Top Workplace Trend Number 6

Top Ten Work Trends Quarterly Updates

A diverse group of SIOP members are serving as Trend Champions for the people-related work trends that SIOP members collaboratively predicted to be the most impactful in 2023. Each Trend Champion has expertise in and professional passion for their trend subject. SIOP appreciates their service to the profession in providing quarterly updates on their chosen topics.

Find the full list of topics and links to the other Top 10 Work Trends here

Trend #6: Reshaping Work to Address Employee’s Mental Health

2023 1st Quarter Update

Employee mental health and well-being continue to be a hot topic for organizations looking to compete in a tight labor market. Concerns around employee (dis)engagement (Harter, 2023, Wigert & Pendell, 2023), burnout (Leiter & Maslach, 2023, Wigert & Pendell, 2023), and broad mental health challenges (Glicksman, 2023; Witters & Agrawal, 2022) have taken center stage. These concerns have led to a variety of trends for both employees and employers, including a stronger push for a four-day workweek, a host of employee withdrawal behaviors, and many less-than-ideal attempts to portray organizational concern around well-being.

A massive pilot test of a four-day workweek for the same pay has wrapped up with results being quite positive (see the report here). Moreover, workers clearly reject pushes for longer work weeks (Chen et al., 2023). We’ve seen tools to help people see what a four-day workweek could look like for them (Wolfe et al., 2023), a bill (re)introduced in the U.S. House of Representatives to codify the four-day workweek (Takano, 2023, see the text of the bill here), discourse around the equitability of four-day work weeks (Dvorak, 2023), and general continued interest from employees and employers alike (Timsit, 2023). This aligns with work that shows motivation and performance decrease across the workweek (Dust et al., 2022).

Concerns around employee withdrawal behaviors (e.g., quiet quitting, “rage applying”, “resenteeism” Yroz, 2023) are not particularly new but have made their way into popular discourse. We have decades of work that show hindrance stressors (those that limit development or accomplishment) are linked with withdrawal behaviors and a range of other negative outcomes (Podsakoff et al., 2007), and that increased work strain results in withdrawal behaviors like absenteeism due to increased negative symptoms (Darr & Johns, 2008). A recent paper highlights the importance of considering unit-level employee effects on withdrawal behaviors, like turnover, especially for similar workers (Sajjadiani et al., 2023).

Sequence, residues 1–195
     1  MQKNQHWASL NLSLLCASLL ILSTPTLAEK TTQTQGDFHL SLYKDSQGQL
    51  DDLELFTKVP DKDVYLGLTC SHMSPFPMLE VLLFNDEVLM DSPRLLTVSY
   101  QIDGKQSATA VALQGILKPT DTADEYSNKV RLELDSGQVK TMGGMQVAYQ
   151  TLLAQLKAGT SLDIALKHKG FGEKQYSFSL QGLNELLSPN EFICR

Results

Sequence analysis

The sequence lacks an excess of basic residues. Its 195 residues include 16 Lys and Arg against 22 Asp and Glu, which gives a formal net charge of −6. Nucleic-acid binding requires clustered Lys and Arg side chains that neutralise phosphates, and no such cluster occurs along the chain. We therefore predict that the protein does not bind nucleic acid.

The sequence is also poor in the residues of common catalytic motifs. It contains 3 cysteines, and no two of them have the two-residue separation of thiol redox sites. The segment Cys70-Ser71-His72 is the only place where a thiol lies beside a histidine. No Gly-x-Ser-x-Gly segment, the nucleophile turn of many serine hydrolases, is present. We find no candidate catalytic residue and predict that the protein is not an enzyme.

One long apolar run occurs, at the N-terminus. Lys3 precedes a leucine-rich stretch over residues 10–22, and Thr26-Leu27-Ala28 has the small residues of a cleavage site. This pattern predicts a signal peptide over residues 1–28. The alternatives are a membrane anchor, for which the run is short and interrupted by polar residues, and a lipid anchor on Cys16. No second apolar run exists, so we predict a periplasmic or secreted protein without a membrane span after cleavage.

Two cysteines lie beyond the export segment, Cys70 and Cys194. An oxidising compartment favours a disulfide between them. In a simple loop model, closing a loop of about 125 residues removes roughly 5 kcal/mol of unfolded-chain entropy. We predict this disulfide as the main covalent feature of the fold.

Interestingly, this focus on employee mental health and well-being has led to some less-than-ideal organizational initiatives. There is currently increased awareness and pushback against “well-being washing,” in which organizations present themselves as caring about employee wellbeing but don’t actually (Sinclair, 2023). One paper (Budd & Mumford, 2006) explored the phenomenon of companies possibly attempting to appear to be supportive of employees without actually providing benefits (in this case, family-friendly work practices). Similarly, there is a heightened awareness of the negative outcomes associated with toxic positivity (Barbera, 2023). This calls to mind the negative outcomes associated with strong organizational emotional display norms and the emotional labor associated with them. Two recent papers provide excellent reviews (Elfenbein, 2023) and future directions (Gabriel et al., 2023) of this domain of research.

Champion: Keaton Fletcher

Keaton Fletcher

Keaton Fletcher is an assistant professor in Georgia Tech’s School of Psychology. His research focuses on workplace leadership and wellbeing, answering questions like "How does becoming a leader impact your wellbeing?", "How does interacting with your leader affect your daily health behaviors?", "What physiological phenomena predict becoming a leader". He co-hosts the “Healthy Work” podcast (@healthyworkpod), which shares the science of making work a healthier experience for everyone. He is married to another I-O psychologist, and together they have two children.